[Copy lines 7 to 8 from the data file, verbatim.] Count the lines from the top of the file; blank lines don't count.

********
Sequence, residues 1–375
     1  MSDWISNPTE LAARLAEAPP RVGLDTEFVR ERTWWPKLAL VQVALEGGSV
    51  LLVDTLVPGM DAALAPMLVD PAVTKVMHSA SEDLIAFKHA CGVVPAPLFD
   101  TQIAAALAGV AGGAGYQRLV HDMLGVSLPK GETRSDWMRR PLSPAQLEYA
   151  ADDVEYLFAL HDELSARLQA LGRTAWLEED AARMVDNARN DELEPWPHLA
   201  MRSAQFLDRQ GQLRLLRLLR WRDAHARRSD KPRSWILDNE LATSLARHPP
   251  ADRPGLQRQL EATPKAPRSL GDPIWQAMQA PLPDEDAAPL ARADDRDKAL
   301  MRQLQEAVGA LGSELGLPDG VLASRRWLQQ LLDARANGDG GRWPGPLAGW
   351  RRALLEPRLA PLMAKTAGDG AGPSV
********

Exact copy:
   251  ADRPGLQRQL EATPKAPRSL GDPIWQAMQA PLPDEDAAPL ARADDRDKAL
   301  MRQLQEAVGA LGSELGLPDG VLASRRWLQQ LLDARANGDG GRWPGPLAGW